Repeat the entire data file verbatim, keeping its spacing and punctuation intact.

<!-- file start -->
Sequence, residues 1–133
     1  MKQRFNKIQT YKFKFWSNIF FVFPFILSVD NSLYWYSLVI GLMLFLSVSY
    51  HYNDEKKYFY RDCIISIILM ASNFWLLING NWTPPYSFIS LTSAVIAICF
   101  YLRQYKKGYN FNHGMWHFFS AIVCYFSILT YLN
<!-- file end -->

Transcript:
Sequence, residues 1–133
     1  MKQRFNKIQT YKFKFWSNIF FVFPFILSVD NSLYWYSLVI GLMLFLSVSY
    51  HYNDEKKYFY RDCIISIILM ASNFWLLING NWTPPYSFIS LTSAVIAICF
   101  YLRQYKKGYN FNHGMWHFFS AIVCYFSILT YLN